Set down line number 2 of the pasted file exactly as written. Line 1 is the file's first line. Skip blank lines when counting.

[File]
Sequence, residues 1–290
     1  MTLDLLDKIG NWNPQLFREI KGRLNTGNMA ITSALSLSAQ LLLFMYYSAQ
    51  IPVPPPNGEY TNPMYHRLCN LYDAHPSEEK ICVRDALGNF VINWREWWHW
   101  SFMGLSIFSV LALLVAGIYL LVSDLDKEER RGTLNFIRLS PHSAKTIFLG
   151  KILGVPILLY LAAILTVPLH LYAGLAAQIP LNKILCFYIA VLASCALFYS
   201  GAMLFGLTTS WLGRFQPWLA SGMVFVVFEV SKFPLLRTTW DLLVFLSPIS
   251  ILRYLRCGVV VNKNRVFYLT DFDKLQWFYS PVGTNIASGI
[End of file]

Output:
     1  MTLDLLDKIG NWNPQLFREI KGRLNTGNMA ITSALSLSAQ LLLFMYYSAQ